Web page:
Can You Spot the Warning Signs of Bullying?

Most kids will likely experience some form of teasing at school, but did you know that bullying is different than occasional name calling, insults, or mocking? Bullying is repeated, aggressive behavior where someone uses power to hurt another person or make them feel bad or intimidated. The power imbalance between bullies and their victims can stem from several factors such as physical strength, age, or popularity. Bullies are stronger than their victims in some way, and they use this to their advantage to overpower others.

Research shows that there can be serious consequences to bullying including low self-esteem, physical injuries, sleep difficulties, headaches, stomach issues, chronic pain, and increased stress and anxiety. It can also negatively affect kids’ academic performance and social interactions, meaning that bullying can impact nearly every facet of a kid’s life.

While we want to do everything possible to protect our kids from bullying, how can we know it’s happening if they don’t tell us? You might assume your child would come tell you if something was wrong, but many kids choose to suffer in silence.

Why Bullied Kids May Stay Silent

  • Fear of it getting worse: Not only do some kids fear retaliation from the bully if their behavior is reported, but they may also worry that their peers will make fun of them for telling on their schoolmate.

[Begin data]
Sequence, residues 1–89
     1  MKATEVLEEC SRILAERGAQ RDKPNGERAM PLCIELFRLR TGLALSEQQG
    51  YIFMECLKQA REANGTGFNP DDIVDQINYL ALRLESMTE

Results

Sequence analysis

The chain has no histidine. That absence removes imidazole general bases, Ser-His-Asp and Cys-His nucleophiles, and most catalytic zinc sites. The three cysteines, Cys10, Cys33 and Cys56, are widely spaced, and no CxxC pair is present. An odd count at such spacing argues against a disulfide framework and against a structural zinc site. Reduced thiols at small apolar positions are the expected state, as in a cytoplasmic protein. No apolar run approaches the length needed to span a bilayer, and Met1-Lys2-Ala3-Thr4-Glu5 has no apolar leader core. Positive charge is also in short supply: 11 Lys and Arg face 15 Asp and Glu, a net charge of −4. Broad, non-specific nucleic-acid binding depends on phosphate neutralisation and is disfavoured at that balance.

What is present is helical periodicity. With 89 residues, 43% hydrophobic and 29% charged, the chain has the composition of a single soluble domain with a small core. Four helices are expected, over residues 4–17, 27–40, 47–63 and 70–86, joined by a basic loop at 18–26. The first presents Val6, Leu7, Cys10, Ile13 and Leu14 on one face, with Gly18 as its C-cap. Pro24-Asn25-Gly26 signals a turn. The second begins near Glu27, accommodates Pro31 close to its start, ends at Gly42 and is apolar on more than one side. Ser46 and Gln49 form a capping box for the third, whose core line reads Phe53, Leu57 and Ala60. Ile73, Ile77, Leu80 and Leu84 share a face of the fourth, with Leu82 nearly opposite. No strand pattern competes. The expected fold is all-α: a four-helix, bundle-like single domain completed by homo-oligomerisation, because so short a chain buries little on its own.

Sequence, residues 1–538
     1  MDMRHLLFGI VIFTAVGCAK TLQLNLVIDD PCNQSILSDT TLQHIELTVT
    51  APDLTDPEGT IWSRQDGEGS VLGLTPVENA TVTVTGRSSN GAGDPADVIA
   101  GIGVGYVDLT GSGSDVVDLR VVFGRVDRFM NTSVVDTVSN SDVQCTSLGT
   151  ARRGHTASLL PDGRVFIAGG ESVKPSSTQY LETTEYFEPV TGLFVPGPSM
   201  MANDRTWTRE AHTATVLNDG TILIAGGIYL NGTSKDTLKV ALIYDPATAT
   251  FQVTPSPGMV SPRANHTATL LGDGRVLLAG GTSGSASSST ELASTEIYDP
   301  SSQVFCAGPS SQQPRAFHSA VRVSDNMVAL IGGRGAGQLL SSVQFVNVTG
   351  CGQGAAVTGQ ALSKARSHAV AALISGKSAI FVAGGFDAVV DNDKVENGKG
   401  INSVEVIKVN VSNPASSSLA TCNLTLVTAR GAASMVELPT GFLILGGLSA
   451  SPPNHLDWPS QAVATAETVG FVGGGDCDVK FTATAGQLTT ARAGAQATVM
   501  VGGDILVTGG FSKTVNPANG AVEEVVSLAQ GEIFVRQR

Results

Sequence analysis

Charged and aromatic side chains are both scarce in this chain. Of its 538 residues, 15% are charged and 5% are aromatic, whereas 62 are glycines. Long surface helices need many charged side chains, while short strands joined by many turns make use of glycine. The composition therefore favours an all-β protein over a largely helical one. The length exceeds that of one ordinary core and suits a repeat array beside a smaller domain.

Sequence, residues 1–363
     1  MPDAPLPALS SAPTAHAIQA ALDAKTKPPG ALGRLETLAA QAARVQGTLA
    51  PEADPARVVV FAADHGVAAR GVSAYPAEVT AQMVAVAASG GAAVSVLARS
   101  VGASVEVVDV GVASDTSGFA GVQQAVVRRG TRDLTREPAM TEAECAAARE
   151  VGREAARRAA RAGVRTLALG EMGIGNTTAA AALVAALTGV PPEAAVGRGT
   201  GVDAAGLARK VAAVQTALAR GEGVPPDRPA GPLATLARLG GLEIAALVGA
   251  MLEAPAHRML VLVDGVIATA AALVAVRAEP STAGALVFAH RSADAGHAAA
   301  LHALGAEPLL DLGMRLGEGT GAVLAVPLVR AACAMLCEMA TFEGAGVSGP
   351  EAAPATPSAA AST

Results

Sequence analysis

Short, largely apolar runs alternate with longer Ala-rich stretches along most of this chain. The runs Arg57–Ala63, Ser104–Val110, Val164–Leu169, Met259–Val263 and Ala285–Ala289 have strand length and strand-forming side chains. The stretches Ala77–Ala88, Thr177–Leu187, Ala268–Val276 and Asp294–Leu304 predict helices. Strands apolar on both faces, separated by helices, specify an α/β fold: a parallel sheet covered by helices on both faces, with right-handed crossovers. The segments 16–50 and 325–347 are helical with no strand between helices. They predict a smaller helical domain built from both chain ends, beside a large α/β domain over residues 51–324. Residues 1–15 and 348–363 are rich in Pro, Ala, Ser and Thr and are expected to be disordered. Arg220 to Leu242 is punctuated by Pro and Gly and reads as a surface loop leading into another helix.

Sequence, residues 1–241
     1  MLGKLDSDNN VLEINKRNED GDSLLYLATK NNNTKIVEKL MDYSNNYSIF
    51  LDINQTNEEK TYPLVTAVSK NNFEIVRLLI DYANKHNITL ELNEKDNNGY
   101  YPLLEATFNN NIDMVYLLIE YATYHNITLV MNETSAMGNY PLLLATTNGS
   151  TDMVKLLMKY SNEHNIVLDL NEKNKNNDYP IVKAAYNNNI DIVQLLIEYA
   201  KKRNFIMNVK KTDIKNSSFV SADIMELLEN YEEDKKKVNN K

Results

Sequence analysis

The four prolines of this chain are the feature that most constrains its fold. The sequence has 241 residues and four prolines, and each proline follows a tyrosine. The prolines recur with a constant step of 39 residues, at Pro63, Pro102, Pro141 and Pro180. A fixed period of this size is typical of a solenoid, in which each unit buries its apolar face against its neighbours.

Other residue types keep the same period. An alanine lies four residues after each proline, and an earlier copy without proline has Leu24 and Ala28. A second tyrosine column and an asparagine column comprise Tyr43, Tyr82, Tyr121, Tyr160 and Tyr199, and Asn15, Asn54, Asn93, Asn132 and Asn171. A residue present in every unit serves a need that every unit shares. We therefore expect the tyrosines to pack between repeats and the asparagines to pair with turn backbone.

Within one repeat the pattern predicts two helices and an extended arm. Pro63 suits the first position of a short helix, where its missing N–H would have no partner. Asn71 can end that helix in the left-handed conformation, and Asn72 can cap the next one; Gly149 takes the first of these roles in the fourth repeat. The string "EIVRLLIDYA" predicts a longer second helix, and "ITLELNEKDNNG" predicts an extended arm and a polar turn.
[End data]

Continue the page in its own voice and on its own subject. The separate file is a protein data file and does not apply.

• Feelings of embarrassment: Many kids want to be seen as cool and popular, and admitting to being bullied can make a child feel insecure and embarrassed.
  • Assuming it’s normal: Sometimes, kids can have a hard time recognizing that bullying is happening and will lessen it to teasing.
  • Uncertain of parents’ reaction: Some kids may worry their parents will be disappointed in them if they are being bullied or were unable to handle it themselves.

Warning Signs Your Child Is Being Bullied

Since we know that some kids may not speak up if they’re being bullied, it’s important for us to be aware of the warning signs of bullying. Some are obvious, and some are not.

  • Stolen, lost, or damaged possessions
  • Suddenly not wanting to go to school or ride the bus
  • Changes in appetite
  • Nightmares or trouble sleeping
  • Personality changes including being withdrawn or moody
  • Sudden change in appearance
  • Frequent headaches or stomachaches
  • Change in online behavior due to cyberbullying
  • Participating in bullying behavior
  • Physical signs such as cuts, bruises, scratches, and broken bones

What You Can Do

Talking about bullying is the first step. Let your child know they can come to you for help. Some kids may even begin to discuss problems with bullying if the topic comes up naturally in conversation. You can encourage this by asking leading questions that can give insight into your child’s day at school. Ask if there are any new kids on their bus or if the teacher has trouble with misbehavior in class. This will give them the opportunity to speak about school without forcing them to answer direct questions about bullying.

If you suspect that your child is being bullied, set up a meeting with their teacher, school principal, or guidance counselor to make them aware of the situation so that you can work together to determine a solution. For more helpful tools and tips, visit the K12 Bullying Prevention Resource Hub.

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